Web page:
NCPA - National Center for Policy Analysis


April 11, 2005

Arizona may become the first state to offer a "universal" school voucher, the first available without restrictions to parents of all school-age children, says the Wall Street Journal. The proposed legislation offers a grant for any child to use at any private school in the state.

Arizona has long been in the forefront of education reform and letting taxpayer money follow each student to the school of his choice is the best way to rescue American public education, says the Journal:

  • Currently, the average cost of educating a child in Arizona's public schools is $8,500 to $8,900 a year.
  • About 29,000 Arizona children attend private schools on scholarships and the waiting list for private vouchers is long.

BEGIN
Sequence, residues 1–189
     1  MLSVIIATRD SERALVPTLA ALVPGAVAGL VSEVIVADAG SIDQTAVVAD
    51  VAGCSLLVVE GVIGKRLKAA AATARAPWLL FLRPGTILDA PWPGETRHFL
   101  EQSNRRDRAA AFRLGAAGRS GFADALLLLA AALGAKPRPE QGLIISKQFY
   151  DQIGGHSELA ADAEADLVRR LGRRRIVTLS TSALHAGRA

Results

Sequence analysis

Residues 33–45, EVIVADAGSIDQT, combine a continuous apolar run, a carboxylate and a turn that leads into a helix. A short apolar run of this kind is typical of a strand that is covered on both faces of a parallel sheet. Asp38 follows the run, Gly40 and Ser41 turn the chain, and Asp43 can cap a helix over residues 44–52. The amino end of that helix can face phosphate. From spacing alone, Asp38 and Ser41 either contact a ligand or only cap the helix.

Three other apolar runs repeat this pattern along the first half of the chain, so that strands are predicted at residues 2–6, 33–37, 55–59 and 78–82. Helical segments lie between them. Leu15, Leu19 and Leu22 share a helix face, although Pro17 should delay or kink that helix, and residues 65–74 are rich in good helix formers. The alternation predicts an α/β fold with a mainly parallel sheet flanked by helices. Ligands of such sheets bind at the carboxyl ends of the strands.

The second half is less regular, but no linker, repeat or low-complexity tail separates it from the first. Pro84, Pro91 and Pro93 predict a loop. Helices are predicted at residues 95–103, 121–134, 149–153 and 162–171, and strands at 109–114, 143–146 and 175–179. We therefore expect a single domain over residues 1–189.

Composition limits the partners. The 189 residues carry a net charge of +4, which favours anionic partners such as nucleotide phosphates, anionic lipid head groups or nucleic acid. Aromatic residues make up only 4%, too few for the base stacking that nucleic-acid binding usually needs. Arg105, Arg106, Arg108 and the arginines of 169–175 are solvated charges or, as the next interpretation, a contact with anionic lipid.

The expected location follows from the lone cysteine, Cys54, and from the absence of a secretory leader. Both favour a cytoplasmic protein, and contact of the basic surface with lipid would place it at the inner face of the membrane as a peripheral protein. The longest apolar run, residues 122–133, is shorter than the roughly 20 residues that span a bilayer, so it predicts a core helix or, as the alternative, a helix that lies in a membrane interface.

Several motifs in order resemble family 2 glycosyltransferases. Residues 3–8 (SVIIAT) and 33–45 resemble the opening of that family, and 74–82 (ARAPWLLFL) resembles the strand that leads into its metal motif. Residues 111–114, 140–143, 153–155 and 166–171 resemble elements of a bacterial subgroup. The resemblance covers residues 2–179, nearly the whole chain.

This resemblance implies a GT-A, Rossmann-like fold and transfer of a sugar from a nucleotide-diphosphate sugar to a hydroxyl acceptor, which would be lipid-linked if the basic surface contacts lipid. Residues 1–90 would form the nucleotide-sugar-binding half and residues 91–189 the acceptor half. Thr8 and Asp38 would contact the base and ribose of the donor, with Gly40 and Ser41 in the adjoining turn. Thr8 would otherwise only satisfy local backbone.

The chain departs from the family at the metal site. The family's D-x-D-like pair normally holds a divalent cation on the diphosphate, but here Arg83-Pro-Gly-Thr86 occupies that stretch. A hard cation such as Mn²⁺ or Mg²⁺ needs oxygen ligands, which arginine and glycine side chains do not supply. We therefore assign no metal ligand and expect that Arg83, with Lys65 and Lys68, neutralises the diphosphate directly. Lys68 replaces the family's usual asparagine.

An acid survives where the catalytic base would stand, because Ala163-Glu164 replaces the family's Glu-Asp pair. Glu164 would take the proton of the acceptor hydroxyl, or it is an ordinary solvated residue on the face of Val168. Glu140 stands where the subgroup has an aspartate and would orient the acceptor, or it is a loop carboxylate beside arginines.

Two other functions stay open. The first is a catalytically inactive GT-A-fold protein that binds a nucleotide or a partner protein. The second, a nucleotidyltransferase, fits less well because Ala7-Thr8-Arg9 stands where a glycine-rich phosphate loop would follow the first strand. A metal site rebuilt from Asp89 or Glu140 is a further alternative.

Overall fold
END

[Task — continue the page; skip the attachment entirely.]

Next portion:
• The proposed legislation would offer vouchers of $3,500 a year to elementary school children and $4,500 a year for high school students.

Unfortunately, says the Journal, Democratic Governor Janet Napolitano is no fan of school choice. She recently vetoed a bill extending the tuition tax credit to businesses where companies could receive up to $10,000 for contributions to scholarship funds.

Harvard economist Caroline Hoxby has found traditional public schools improve when forced to compete with vouchers and charter schools.

Source: Editorial, "School Choice Nirvana," Wall Street Journal, April 1, 2005.

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